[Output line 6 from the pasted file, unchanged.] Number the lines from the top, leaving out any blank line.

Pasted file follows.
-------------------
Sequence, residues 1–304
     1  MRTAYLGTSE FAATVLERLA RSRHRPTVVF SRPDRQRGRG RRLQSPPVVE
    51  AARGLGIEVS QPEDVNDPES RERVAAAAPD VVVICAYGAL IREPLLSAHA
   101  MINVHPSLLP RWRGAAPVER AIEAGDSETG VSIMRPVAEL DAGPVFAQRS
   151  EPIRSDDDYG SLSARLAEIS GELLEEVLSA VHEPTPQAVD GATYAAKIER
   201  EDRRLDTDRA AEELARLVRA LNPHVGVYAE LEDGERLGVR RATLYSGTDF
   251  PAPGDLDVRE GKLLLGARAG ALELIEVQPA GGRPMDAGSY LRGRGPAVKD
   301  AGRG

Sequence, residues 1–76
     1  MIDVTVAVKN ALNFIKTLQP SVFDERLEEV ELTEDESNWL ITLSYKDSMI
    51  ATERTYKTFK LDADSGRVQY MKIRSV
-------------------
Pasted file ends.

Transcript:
   201  EDRRLDTDRA AEELARLVRA LNPHVGVYAE LEDGERLGVR RATLYSGTDF